Today, I rushed home from work and have been watching television coverage for the past few hours. I am older, but still feel afraid. Unable to take my eyes away from the footage of my beloved Ottawa under attack.

Canada Day - 2011

I am of the generation called the Millennials. I am the post 9/11 generation. Raised on Harry Potter and MSN Messenger. Early adopters of new technology. Living under the looming threat of terrorism. You don’t have to tell us to ‘stay vigilant’. We get it. We’ve already had it for a long time. We’ve been maintaining constant vigilance since Moody warned us about the Death Eaters back in the day.

Doubting myself, wondering if my unfortunate heavy double dose of patriotism and sensationalism was causing me to overreact, I felt isolated and alone today. Nobody in my immediate vicinity seemed to know nor care about the situation unfolding in Ottawa. I feel like I need to divide the people and influencers in my life by our shared values. Today was an exercise in that. My close friends, and some fellow former journalism students on Twitter, shared my concerns and I felt comforted by their shared reactions.

I want nothing more right now than for Peter Mansbridge to fold the nation in his warm embrace and tell us all that we’re going to be okay, and that everything will soon be well.

Canadian Flag

❤ Ottawa ❤ Canada ❤ you too, Toronto

Tomorrow is another day, and we must remain the True North, Strong and Free.

Canada Day

* My apologies for disconnected and incomplete thoughts. Written after a stress-filled, anxiety-ridden, very emotional day, while flipping between CBC, CTV, Global, and TVO for six hours straight, heart aching, head pounding…

Michael Ignatieff is Inattentive to his Underwear Choices

Strong brow = Strong leadership.

Aside from having a formidable brow, Ignatieff is a good sport. I realise this is old, but it is worth watching.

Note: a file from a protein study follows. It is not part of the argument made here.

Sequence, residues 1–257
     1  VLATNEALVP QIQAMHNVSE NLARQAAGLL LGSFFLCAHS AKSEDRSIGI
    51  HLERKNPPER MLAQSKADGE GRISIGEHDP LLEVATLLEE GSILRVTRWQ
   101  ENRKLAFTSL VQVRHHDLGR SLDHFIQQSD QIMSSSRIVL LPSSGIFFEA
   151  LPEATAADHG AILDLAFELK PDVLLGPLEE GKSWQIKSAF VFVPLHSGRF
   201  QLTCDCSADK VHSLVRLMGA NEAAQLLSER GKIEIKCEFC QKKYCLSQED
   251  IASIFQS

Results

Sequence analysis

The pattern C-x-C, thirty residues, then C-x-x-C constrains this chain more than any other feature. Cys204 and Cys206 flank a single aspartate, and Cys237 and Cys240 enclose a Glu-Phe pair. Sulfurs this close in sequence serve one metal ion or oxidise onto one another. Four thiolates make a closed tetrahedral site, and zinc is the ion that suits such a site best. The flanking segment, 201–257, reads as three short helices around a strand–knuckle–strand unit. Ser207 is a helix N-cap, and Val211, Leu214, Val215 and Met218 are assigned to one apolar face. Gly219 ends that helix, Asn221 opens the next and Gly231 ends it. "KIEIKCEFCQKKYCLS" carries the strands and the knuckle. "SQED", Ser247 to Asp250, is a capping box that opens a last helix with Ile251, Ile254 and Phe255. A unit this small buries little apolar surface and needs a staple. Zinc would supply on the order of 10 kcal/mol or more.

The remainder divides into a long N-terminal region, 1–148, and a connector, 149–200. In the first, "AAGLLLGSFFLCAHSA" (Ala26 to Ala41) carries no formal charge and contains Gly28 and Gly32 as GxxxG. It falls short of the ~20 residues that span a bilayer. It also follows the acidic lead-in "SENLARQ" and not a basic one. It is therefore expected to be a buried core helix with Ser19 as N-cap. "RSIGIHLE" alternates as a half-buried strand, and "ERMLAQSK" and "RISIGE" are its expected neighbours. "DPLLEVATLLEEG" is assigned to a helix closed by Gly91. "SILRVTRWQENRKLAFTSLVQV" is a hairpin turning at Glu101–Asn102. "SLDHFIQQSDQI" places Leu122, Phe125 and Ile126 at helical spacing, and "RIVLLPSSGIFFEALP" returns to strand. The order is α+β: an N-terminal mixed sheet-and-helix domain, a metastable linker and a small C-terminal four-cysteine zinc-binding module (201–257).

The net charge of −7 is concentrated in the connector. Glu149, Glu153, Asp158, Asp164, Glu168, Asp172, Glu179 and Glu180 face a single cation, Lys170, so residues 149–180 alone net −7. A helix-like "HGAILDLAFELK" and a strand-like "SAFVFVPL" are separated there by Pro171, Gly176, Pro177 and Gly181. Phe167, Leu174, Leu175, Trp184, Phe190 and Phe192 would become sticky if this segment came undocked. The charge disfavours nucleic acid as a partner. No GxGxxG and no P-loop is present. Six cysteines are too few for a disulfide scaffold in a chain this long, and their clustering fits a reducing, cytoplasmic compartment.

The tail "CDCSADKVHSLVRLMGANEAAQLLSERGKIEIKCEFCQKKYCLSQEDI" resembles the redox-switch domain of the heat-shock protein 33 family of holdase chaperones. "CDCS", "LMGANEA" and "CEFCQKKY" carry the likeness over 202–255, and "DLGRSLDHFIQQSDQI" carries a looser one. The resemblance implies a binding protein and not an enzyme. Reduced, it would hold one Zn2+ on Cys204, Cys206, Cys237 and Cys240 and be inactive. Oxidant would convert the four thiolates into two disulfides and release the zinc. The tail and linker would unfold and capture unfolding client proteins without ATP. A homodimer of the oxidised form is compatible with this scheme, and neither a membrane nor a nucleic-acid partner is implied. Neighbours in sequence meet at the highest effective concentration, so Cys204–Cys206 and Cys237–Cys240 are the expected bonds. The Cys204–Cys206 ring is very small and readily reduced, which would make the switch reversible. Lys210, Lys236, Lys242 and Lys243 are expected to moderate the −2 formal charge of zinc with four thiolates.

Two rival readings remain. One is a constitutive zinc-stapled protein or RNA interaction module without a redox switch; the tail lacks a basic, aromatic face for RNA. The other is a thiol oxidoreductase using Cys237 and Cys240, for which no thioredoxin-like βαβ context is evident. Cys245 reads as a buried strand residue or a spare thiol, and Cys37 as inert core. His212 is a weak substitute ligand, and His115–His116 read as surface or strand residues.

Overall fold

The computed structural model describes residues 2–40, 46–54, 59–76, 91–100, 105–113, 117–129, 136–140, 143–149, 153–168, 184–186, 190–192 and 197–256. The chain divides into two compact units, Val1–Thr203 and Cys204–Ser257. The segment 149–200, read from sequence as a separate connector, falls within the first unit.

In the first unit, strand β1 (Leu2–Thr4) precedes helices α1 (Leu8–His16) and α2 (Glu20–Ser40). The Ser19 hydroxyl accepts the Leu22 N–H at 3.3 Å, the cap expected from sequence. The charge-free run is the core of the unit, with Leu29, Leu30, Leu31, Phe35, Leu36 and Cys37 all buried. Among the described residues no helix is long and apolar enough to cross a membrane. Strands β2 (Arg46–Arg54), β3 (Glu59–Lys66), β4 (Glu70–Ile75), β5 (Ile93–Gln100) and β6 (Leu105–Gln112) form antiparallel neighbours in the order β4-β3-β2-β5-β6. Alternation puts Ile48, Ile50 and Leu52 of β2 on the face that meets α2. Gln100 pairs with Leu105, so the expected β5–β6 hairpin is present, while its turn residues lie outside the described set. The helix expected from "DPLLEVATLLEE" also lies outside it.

From Merriam-Webster.com:

Formidable:
1: Causing fear, dread, or apprehension
2: Having qualities that discourage approach or attack
3: Tending to inspire awe or wonder : impressive

 

A Funny Thing Happened in Front of the CBC Building

Step 1: Take off shoe. Step 2: Put your foot in your mouth.

The CBC announced 800 jobs are going to be cut. On Thursday, there was going to be a town hall meeting for employees. We are a group of three journalism students on a same-day TV assignment. The news is scary, but the story is newsy. To the CBC building we go.

Location: Sparks Street
Mood: Optimistic

Our reporter is speaking to two women standing outside the doors to the building. Many of the CBC employees don’t want to talk to us, probably because they’re not sure what’s going on themselves.

Somehow, our reporter persuades the women to go on camera. The first woman, wearing a CBC jacket, gives us a great interview and some even better advice on what to do as young journalists when our industry is facing hard times. She reminds young people to be passionate about what they do, and wait it out when times are tough.

We ask her how she feels, knowing that her job may be on the line. Will her job be one of the 800 cut?

She responds with a very confident no. She say’s that she’s been at the CBC a while and seniority holds a lot of weight.

We wrap up the interview. Oh, and one more thing. Can you please say and spell your name for the camera?

“Kathleen Petty. K-A-T-H-L-E-E-N P-E-T-T-Y.”

Oh boy. We all burst out laughing.

Yes, we spoke to Kathleen Petty on Thursday about CBC job cuts and we didn’t even realize it until the end.

What a rookie mistake. If I become a journalism prof one day, this can be my witty anecdote for the first day of class.